NEW YORK (Reuters) - Bondholders of Puerto Rico’s bankrupt power utility, PREPA, said on Friday that the damage to the local electric grid by Hurricane Maria is not as bad as the island’s government says, and could be fixed quickly with an outside energy expert in charge.
The PREPA bondholders made the argument in a written filing in federal court in San Juan. The utility filed for a form of bankruptcy in June to shed $9 billion of debt, while Puerto Rico’s government filed for bankruptcy in May. It has $72 billion of total debt.
The bondholders want to persuade the judge overseeing the island’s bankruptcy to pick an energy industry expert to run PREPA, from a list of names on which creditors may or may not have input.
Citing their own assessment of grid damage, led by energy consultant Derek HasBrouck, the bondholders said some 95 percent of transmission assets are fully functional, and observed only “a few broken poles” among 75 distribution substations that were visually inspected.
Those numbers contrast starkly with the Puerto Rican government’s assessment that 80 percent of the electric grid was destroyed when Maria made landfall on September 20, the most powerful storm to hit Puerto Rico in decades.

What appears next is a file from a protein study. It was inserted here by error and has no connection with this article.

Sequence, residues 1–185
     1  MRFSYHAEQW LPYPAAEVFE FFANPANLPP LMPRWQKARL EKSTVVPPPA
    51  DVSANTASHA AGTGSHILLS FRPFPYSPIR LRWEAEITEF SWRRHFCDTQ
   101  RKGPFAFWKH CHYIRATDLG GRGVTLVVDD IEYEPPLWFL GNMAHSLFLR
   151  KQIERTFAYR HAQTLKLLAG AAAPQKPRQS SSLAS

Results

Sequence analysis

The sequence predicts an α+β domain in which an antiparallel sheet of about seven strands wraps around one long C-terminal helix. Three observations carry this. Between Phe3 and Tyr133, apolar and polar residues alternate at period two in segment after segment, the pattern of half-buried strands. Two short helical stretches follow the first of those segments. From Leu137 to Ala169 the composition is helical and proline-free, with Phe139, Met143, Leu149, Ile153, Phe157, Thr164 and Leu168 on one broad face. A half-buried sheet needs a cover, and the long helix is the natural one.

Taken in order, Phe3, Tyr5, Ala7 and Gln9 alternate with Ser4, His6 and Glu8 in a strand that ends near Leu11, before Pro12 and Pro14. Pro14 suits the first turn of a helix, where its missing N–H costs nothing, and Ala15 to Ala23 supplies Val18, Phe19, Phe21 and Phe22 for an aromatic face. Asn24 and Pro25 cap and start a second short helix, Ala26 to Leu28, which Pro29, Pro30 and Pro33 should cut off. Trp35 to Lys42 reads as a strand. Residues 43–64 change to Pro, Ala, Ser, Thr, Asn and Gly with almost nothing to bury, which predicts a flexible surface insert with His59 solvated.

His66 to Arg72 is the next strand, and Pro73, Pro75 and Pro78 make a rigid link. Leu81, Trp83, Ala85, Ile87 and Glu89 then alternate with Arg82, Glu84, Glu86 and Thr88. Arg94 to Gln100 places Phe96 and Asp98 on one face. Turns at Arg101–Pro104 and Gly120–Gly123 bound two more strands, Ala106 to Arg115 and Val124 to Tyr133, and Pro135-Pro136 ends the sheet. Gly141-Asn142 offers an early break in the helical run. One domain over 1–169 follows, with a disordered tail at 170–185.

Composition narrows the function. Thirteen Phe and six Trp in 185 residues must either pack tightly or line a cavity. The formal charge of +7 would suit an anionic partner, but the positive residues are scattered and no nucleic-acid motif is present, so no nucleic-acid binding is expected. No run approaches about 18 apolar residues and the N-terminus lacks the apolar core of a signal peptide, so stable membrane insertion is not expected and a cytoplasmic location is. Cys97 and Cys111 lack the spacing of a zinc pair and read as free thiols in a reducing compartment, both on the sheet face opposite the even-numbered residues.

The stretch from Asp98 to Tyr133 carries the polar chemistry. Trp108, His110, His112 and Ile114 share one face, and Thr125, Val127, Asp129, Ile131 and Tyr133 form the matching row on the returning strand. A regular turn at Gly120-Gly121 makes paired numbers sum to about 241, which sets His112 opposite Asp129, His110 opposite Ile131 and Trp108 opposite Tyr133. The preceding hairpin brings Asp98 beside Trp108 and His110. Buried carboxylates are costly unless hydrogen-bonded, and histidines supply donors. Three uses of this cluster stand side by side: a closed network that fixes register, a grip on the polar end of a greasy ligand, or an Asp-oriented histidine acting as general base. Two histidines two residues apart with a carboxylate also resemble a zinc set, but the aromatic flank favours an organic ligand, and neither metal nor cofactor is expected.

Maria knocked out power to the entire island, and six weeks later only about 30 percent of electricity has been restored.
The PREPA bondholders, who include mutual funds like Oppenheimer and Franklin Advisers, say HasBrouck’s findings prove Governor Ricardo Rossello’s administration has botched the response to Maria and that PREPA needs an outside manager.
“It is imperative to retain an experienced, seasoned electric utility executive to run PREPA,” the bondholders said.
In an interview with Reuters on Thursday, though, Puerto Rico Governor Ricardo Rossello dismissed the idea that damage has been overstated.
“To be clear and blunt, the devastation was severe,” Rossello said. “There is no way to minimize how significant that devastation was.”
Whoever Puerto Rico’s bankruptcy judge appoints to step in at PREPA, the bondholders argued, it should not be Noel Zamot.
The retired U.S. Air Force colonel was tapped for the role by a federal board that has a mandate to manage Puerto Rico’s finances. Zamot has worked with the board already on separate issues.
His appointment must be confirmed by the judge. But Zamot, the bondholders argued, has no experience running a power utility.
Their opposition hints at a broader power struggle over control of Puerto Rico’s financial turnaround between the board and investors bracing for big debt cuts.
The squabble marks a return to a focus on Puerto Rico’s debt, after creditors stayed largely quiet for weeks following Maria, which killed at least 50 people on the island.
Reporting by Nick Brown; editing by Daniel Bases and Rosalba O'Brien